Five Live Music Websites You May (or May Not) Have Heard Of

April 6, 2012 8:00 pm0 comments
Martha Wydysh

Most music enthusiasts would agree that a live performance beats sitting in your room, listening to the same recording of your favorite artist over and over again, regardless of how good Beats by Dre can make it sound. Alas, as college students, we do not possess the conveniences of free time, ample money and friends with exactly the same taste in music to just pack up and catch a tUnE-yArDs’ concert. Luckily, a number of websites have popped up on the Internet that can present us with a live show on our very own computer desktops. The following is a collection of sites I stumbled upon (some of which, actually, through StumbleUpon) that will present you with the luxuries of a live video and/or audio recording of your favorite artists, all at the click of a mouse.  

1. Daytrotter

Daytrotter is a hip little website run out of a recording studio in Illinois. Its aim is to capture unreleased songs, alternate versions of tracks, and the fleeting, unpremeditated moments that occur in the recording process. As a result of the copious artists who pass through the conveniently located studio while on tour, Daytrotter has racked up a truly impressive collection of live audio recordings, all available for free download, that is if you sign up for the 7 day free trial (on multiple e-mail accounts). The best part of this website is that each session’s post is embellished with an expertly written description, and a vivid, hand-drawn artist portrait that both yield a quirky aura.

Favorite Discoveries:

Josh Ritter

Neon Indian

2. La Blogothèque

Although it took me weeks to figure out how to get this site in English, I promise, it is well worth the struggle. My favorite part of the French website are the weekly podcasts of unconventional, almost bohemian music videos called “Take-Away Shows,” which offer an interesting marriage of musicianship and cinematography. These grab-and-goes feature well-known artists playing in quaint settings around Paris. Chryde, founder of the website, dreamed up these innovations in an effort to change up the way music is shared and filmed. “Les Concerts à Emporter” are filmed by Vincent Moon using a form of guerilla filmmaking, giving an uncultivated personality to the short films. The sessions are usually two or three tracks casually improvised, producing something somewhere between a live performance and a polished music video. The result is truly charming.

Some highlights of “Take Away Shows” have been:

- Squeezing Arcade Fire (nine musicians, instruments and all) into a freight elevator to play “Neon Bible”

- Paris café goers chanting, “Blake’s got a new face!” along with Vampire Weekend

-Jason Mraz jamming with an elderly street musician

Favorite Discoveries:

Beirut

Yann Tiersen

Mumford & Sons

Colin Stetson

3. NPR Music 

NPR has been my go-to hub for discovering new albums for as long as I can remember. I am particularly drawn to the site because of its thorough inclusion of most genres of music; its classical music section is perhaps the strongest on the site. The true treasures of this website lie in its bountiful selection of live performances, both video and audio. NPR has also ingeniously integrated “Tiny Desk Concerts,” which are truncated performances of various artists, from classical to rap, held in front of Bob Boilen’s desk in the NPR music office. These 15-minute concerts are casual and fun, and the high quality of recording makes you feel as though you are there.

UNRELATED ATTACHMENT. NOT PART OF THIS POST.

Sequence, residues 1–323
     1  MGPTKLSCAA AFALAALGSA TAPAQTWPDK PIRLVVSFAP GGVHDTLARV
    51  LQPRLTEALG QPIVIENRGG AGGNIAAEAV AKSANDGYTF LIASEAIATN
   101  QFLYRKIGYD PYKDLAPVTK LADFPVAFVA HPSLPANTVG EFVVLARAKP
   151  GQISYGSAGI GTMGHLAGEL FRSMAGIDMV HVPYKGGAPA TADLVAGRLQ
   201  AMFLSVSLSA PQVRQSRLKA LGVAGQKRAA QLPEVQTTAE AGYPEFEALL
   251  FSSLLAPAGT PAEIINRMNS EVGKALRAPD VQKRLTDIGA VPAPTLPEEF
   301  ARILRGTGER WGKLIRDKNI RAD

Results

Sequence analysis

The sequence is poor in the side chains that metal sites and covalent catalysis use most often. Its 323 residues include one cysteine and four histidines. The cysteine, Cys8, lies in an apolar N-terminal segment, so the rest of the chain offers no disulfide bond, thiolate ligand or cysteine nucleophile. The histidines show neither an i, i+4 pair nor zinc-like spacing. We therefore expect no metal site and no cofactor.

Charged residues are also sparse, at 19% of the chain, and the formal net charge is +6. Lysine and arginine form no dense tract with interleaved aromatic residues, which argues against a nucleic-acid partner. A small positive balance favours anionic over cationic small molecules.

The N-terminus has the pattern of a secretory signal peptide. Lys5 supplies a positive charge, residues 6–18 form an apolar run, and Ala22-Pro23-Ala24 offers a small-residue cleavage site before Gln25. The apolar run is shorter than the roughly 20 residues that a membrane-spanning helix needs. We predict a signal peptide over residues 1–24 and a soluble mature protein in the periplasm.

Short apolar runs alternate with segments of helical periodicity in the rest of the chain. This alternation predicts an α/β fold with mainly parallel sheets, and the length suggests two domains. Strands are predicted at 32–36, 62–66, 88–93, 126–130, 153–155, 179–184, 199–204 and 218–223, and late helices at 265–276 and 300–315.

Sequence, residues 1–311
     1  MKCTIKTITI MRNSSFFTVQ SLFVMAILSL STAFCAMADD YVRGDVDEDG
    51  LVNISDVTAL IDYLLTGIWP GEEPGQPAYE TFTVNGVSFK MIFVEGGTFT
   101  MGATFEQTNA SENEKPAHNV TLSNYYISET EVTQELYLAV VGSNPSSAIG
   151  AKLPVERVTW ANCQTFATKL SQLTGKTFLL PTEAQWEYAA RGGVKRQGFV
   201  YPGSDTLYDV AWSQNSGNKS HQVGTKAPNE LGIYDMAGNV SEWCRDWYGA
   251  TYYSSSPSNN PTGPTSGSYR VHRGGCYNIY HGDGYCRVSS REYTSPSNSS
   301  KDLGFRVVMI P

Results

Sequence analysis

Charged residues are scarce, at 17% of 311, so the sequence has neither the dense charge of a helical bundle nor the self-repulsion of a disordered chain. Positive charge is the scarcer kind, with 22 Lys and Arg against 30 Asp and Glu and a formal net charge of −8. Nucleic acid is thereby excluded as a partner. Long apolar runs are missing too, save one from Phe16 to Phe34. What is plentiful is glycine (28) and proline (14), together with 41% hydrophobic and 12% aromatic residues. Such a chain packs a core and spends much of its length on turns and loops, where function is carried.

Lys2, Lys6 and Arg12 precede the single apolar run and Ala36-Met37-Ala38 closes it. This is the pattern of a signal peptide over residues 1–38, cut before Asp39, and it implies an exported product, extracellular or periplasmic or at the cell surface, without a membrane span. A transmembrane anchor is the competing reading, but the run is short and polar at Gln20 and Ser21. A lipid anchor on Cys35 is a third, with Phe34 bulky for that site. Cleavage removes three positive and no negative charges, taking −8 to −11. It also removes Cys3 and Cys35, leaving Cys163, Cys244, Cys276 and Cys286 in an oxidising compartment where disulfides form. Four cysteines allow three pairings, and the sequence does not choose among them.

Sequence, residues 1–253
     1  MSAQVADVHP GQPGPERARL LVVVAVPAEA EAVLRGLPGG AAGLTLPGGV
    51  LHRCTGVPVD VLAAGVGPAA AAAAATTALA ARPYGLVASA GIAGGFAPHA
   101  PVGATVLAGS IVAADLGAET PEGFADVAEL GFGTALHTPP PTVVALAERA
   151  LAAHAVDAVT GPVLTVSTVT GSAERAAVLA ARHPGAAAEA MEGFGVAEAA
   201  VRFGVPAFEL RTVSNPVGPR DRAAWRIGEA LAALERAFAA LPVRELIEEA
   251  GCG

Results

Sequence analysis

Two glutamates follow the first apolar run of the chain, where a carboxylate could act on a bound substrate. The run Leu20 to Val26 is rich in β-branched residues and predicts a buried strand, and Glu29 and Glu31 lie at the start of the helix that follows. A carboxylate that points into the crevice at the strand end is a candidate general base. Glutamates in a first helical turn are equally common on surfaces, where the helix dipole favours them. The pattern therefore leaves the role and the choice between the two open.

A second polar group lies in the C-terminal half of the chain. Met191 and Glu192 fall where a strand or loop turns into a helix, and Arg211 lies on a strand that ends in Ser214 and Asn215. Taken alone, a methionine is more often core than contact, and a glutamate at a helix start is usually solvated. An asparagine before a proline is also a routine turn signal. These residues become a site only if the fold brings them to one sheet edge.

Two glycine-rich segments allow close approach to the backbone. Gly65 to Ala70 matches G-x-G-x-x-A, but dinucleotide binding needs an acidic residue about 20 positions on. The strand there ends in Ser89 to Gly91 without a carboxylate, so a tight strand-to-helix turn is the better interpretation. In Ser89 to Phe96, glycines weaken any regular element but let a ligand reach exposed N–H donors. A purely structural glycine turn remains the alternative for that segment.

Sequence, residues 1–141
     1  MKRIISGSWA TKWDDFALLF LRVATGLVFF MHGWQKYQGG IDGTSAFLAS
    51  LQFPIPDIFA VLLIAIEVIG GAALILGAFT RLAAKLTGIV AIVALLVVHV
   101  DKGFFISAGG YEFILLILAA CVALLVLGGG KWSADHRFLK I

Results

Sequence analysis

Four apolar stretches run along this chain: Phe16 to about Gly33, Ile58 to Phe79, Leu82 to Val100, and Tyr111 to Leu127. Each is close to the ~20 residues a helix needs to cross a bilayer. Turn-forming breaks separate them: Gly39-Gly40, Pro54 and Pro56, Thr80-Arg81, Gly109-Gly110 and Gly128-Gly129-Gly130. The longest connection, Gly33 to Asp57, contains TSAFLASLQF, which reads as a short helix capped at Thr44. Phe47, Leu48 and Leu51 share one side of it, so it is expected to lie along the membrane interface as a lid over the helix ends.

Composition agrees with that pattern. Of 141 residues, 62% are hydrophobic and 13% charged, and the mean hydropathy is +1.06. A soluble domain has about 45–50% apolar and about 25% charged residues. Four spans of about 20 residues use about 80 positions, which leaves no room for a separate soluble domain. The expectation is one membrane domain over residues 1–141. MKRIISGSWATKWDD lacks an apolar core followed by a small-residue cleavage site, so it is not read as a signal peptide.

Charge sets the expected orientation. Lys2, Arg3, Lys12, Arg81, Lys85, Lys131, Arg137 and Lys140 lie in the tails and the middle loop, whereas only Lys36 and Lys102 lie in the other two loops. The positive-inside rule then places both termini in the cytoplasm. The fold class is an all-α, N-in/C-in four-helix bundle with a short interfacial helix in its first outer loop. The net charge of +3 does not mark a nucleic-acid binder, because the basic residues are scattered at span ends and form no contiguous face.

Favorite Discoveries:

Yo-Yo Ma, Chris Thile, Stuart Duncan

Turtle Island Quartet

Bela Fleck, Edgar Meyer, Zakir Hussain

Australian Chamber Orchestra (Audio Only) P.S. These guys are coming to Bailey on April 27th!

4. From the Basement

From the Basement is the brainchild of producer and Radiohead collaborator Nigel Godrich, so you know it’s good. This site started as small collection of audience-free music performances, but was soon picked up by television networks in both the U.S. and Britain. The original website can still stand alone on the musical artists it helped to take off, and continues to promote unsigned artists that show true promise.

Favorite Discovery:

Andrew Bird

5. From the Top 

This site is the place to view up-and-coming classical music prodigies while discovering new works. Hilary Hahn herself performed on this show before the launch of her highly successful solo violin career. If you are an instrumentalist in any way, shape or form, viewing these performances may infuriate you; however, if you are like me, and have long ago come to terms with the fact that you are too old and are in no way talented enough to become some sort of virtuoso, these performances are mind-blowing. Who knows, one of these kids may even be from your hometown. Host Christopher O’Riley does a great job of giving a background to the classical music that is played. The radio show is perhaps, more entertaining, as he puts together trivia and game contests, often geared toward the prodigy’s specific talent. It is interesting to see how these scarily talented kids loosen up, or if they even can.

Favorite Discovery: 

Chad Hoopes

This kid is the man.

And here are a handful of websites good for easily accessible, free, quality songs FYE. Most are geared towards house/techno music, but also include some really catchy hip-hop, mashups, etc. 

1. This Song Is Sick

2. Our Cazza

3. Sleep Fuck Party 

Disclaimer: Do not open this somewhere where you don’t want it to seem as though you are looking at porn. Great site, nonetheless.

4. Hypefloats

5. Camelback Music

6. The Kollection

Happy listening!

Martha Wydysh is a sophomore in the College of Arts & Sciences. She can be reached at mwydysh@cornellsun.com.

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